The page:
You'll learn Ancient Greek faster by learning modern Greek first. True?

By tim05000, in 'Ancient Greek', Dec 19, 2018.

  1. tim05000 Member

    This is what what said in a Youtube video by a person who speaks several languages fluently by starting from scratch. He said you'll learn ancient Greek faster by learning modern Greek first as it's easier to master, and then shifting those skills and knowledge to learning ancient. Perhaps because modern Greek is more accessible you can practice and live it beyond books, making it faster to acquire.

    If so, how easy is it for modern Greeks to master ancient Greek? How many Greeks actually do that? Very few English-speakers would bother trying to learn Chaucerian English or even Elizabethan English to greater appreciate Shakespeare.

    My Latin has improved by learning how all the verbs work first and only then moving onto nouns. I haven't found any kind of timeline for ancient Greek verbs yet, and wanting to try the same approach.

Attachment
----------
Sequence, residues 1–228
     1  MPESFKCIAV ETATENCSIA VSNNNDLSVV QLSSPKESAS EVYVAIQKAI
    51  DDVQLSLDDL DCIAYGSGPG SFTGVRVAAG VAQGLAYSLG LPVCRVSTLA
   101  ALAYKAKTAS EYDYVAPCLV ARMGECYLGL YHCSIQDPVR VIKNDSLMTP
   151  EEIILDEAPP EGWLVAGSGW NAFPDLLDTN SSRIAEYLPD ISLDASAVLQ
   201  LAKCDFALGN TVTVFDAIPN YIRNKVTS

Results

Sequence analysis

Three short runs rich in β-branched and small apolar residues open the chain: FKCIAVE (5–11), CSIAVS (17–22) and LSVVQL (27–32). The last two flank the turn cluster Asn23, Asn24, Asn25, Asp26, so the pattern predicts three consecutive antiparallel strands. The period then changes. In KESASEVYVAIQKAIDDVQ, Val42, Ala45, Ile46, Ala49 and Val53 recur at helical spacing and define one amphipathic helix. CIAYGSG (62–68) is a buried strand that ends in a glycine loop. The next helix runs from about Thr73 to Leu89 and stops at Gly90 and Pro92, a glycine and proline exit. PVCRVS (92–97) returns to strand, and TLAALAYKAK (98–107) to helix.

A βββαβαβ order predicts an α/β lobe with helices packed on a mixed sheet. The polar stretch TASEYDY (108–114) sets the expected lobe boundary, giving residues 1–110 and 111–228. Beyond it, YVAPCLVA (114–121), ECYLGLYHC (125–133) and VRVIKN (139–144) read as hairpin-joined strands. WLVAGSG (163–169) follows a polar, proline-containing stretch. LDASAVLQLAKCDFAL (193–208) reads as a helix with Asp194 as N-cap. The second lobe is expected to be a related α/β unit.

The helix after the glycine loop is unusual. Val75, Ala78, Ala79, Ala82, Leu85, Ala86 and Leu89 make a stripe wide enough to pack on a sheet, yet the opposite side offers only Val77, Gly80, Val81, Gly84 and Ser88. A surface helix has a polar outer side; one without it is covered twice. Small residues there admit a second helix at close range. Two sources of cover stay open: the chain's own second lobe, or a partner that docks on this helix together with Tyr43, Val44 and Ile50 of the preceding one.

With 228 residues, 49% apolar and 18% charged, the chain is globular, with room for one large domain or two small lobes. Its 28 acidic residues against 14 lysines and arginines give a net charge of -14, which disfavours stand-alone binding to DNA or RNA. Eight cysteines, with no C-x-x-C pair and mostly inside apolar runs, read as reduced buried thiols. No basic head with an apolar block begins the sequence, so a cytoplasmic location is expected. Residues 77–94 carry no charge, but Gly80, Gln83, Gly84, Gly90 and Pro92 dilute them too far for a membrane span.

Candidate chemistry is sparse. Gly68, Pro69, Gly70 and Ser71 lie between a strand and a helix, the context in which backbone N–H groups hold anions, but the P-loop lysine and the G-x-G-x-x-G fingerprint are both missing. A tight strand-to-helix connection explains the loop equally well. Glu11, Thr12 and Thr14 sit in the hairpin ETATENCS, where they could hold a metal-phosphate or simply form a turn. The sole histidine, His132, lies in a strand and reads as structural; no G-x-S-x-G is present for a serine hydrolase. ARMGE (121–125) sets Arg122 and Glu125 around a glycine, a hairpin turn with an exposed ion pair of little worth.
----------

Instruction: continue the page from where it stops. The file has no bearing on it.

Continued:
2. Iáson Cívis Illústris

    • Civis Illustris
    I can't say I've tried this myself, but I don't think so. Learning any language requires a great deal of effort and time. If you want to learn ancient Greek, the quickest way is to focus on that language first.

    Modern and ancient Greek are no longer mutually comprehensible. The phonetics, vocabulary, grammar and syntax are all different. A speaker of modern Greek cannot understand an ancient author automatically: it requires teaching at school or university. And you can take it from me that, no matter how well you know your Homer, if you go and try to ask questions in ancient Greek in the streets of modern Athens, nobody will understand you. For a fluent speaker of modern Greek, it is indeed easier to learn ancient Greek than it is for, say, an English speaker, just as it is easier for an English speaker to learn Anglo-Saxon than it is for a speaker of modern Greek. However, just as learning modern English first would be a highly inefficient way to approach learning Anglo-Saxon, learning modern Greek is by no means a more efficient way of learning ancient Greek.

    This is just my impression, of course, and you would get a better idea from a native speaker of modern Greek. But I can't help thinking that this sort of attitude doesn't really do justice to the complexity of languages, be they modern or ancient Greek. Neither is going to be easy or quick to reach fluency in.